Comments about ‘N.Y. Times praise unlikely to change Utah immigration debate’

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Published: Monday, Dec. 6 2010 11:16 p.m. MST

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JBrady
Murray, Ut

I wish the Utah compact had addressed illegal immigration. That's the problem. Instead they chose to combine legal and illegal immigrants to cloud the situation.

How many would of signed it, if the word immigration was changed to illegal immigration?

AggieNation
Logan, Utah

As much as we all would like illegal immigration to be handled effectively, it IS NOT in the purview of the states to enforce FEDERAL immigration law. If you believe in he Constitution, then what Arizona did and what Utah is proposing is illegal. All we can do is send our petitions of grievances to the Congress and President. Illegal immigration is not a simple matter of enforcement. The costs of deportation would be phenomenally damaging to taxpayers.

sodiedog
Salt Lake City, UT

Mr. Jowers says Utah is misunderstood. Really?

micawber
Centerville, UT

@JBrady,

I would have signed it anyway. It's clear to me what the Utah Compact is talking about, even without the phrase "illegal immigration" in it.

CWEB
Orem, UT

Sandstrom and all the other people who think illegals just "broke the law" are ignorant, and have NO compassion! They don't care "why" a person came, to them it matters NOT!

They are the very people that the Savior talked about in the parable of the Good Samaritan. They pass by, not wanting to be involved, or don't care, or for some other reason (it's the law--they scream!) They do not stop to ponder the plight that so many were in that caused them to come illegally.

They do not care, that the immigration laws of this land are so difficult to deal with, that only the wealthy and the very educated can navigate the path through the red tape.

They do not care of the children of the illegal mother--were continually sexually abused by family or others. (Those people should have STAYED there and taken it!!!)

These people do not see themselves as those who passed by the beaten man. Nor do they see themselves as Javair in Les Mis... but THIS IS who they are.

God forgive them for their FEAR, their arrogance, their lack of gratitude for THEIR great blessings.

Built2Last
Provo, UT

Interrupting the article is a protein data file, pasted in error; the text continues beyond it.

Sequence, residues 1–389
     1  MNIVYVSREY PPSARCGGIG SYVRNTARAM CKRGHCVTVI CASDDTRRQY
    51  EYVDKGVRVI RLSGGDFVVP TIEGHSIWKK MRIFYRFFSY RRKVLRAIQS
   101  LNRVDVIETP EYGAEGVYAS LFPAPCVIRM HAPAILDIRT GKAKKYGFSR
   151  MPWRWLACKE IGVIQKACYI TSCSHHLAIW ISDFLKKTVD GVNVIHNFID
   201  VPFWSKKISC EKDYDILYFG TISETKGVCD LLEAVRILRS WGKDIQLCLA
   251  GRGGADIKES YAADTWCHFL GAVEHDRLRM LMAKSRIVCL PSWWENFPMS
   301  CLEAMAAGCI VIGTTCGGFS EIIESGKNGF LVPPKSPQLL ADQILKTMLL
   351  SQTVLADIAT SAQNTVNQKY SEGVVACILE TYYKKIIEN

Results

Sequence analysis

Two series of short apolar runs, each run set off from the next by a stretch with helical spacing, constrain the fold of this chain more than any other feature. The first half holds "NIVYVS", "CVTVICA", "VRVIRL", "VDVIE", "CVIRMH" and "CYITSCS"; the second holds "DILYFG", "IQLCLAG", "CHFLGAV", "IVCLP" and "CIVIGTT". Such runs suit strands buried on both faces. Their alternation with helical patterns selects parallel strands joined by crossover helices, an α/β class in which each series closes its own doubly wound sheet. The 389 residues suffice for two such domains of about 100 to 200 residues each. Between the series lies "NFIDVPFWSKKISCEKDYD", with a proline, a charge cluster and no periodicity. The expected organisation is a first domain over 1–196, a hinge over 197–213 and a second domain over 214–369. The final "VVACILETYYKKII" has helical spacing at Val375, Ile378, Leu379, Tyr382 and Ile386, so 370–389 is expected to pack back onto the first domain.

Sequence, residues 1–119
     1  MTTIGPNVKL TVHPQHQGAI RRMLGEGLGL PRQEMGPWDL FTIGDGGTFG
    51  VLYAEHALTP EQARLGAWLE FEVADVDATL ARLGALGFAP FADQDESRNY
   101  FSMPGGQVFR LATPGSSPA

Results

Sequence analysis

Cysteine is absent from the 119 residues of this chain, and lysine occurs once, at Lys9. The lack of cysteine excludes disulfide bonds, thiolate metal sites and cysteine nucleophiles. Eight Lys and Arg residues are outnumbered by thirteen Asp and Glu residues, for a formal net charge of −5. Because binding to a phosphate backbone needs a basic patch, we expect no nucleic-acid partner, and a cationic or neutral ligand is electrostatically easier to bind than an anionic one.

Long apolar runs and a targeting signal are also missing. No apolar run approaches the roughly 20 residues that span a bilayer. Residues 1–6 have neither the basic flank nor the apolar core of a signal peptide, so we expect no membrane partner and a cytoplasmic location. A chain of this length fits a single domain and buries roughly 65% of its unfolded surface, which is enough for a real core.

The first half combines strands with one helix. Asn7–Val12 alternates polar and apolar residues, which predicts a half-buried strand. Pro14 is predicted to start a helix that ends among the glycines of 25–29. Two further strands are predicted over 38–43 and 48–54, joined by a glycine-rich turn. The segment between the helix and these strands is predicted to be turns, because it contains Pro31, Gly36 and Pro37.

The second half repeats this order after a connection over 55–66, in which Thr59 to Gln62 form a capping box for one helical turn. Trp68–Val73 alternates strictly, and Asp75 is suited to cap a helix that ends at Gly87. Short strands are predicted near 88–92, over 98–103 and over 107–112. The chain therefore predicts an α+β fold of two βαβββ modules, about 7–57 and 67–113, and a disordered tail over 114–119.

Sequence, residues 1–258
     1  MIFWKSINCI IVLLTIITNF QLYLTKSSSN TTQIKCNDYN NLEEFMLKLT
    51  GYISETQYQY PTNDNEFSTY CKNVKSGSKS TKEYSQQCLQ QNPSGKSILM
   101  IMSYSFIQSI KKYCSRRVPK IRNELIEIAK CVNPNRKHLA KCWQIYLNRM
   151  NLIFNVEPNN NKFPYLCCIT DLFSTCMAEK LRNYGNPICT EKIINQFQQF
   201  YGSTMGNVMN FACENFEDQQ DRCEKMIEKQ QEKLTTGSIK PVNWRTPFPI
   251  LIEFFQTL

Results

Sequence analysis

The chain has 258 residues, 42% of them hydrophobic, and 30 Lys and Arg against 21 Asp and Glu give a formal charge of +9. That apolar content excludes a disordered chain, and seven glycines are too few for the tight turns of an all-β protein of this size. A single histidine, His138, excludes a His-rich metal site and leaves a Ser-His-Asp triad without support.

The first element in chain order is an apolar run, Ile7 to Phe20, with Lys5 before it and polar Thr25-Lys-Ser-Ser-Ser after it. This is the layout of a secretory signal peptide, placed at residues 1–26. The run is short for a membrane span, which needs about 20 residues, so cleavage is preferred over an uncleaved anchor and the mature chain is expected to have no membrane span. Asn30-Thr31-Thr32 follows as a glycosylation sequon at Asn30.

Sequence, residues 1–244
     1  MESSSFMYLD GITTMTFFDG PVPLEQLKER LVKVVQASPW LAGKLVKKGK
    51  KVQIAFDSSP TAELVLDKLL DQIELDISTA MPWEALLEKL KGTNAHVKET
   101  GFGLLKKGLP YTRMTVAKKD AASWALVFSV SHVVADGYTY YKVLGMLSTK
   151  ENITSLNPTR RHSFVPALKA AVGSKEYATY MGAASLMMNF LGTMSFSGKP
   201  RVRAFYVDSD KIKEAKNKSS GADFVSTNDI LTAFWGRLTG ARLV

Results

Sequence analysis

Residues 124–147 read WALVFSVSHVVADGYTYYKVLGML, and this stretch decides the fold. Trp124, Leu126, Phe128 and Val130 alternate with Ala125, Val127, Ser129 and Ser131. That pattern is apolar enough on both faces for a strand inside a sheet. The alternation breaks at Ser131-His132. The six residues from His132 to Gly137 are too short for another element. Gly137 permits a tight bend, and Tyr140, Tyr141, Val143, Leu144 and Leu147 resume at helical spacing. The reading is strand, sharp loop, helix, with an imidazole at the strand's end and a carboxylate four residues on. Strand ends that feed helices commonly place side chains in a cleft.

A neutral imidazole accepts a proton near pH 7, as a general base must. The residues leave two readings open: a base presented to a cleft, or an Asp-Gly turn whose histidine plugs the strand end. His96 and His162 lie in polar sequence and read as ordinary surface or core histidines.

Oh goody! An endorsement from the New York Times. In general, I would say if the NYT is praising you for something, you'd better re-examine the direction you are headed.

Fitness Freak
Salt Lake City, UT

I wonder how the NY Times journalists would feel if we brought journalists from Mexico city to take THEIR job?

The NY Times lost their relevancy ages ago! The only ones who don't know this is them!

Machado
South Jordan, UT

Wow!! Talk about intolerance. CWEB provided the best example I've seen in a long time.

klangton
Akiachak, AK

Cheers for CWEB. Much of the dialogue about immigration does not well reflect our religious beliefs.

ouisc
Farmington, UT

Changing allegiances to a new country is not an overnight decision and is not a decision that can be made on an overnight trip to the U.S. in the back of a semi-truck.

Yes, there is "red tape" as CWEB calls it to become a citizen of the U.S. There is much less "red tape" to become a legal worker of the U.S. Thousands and thousands of immigrants are able to handle this. Why not all?

If we facilitate illegal immigration, we may as well stop persecuting those who commit other crimes, such as armed robbery, DUI, or even murder, as being behind bars does not help these criminals provide for their families.

Cats
Somewhere in Time, UT

CWEB: to say that "people came here illegally" is not "ignorant." IT IS A FACT. These people have broken the law and are here illegally. Can we deal with this situation compassionately? Of course.

But, deliberate violation of the sovereign laws of any nation is an affront to that country and also against what God has taught us--"render unto Caeser the things that are Caeser's." We are required to obey and sustain the laws of the land.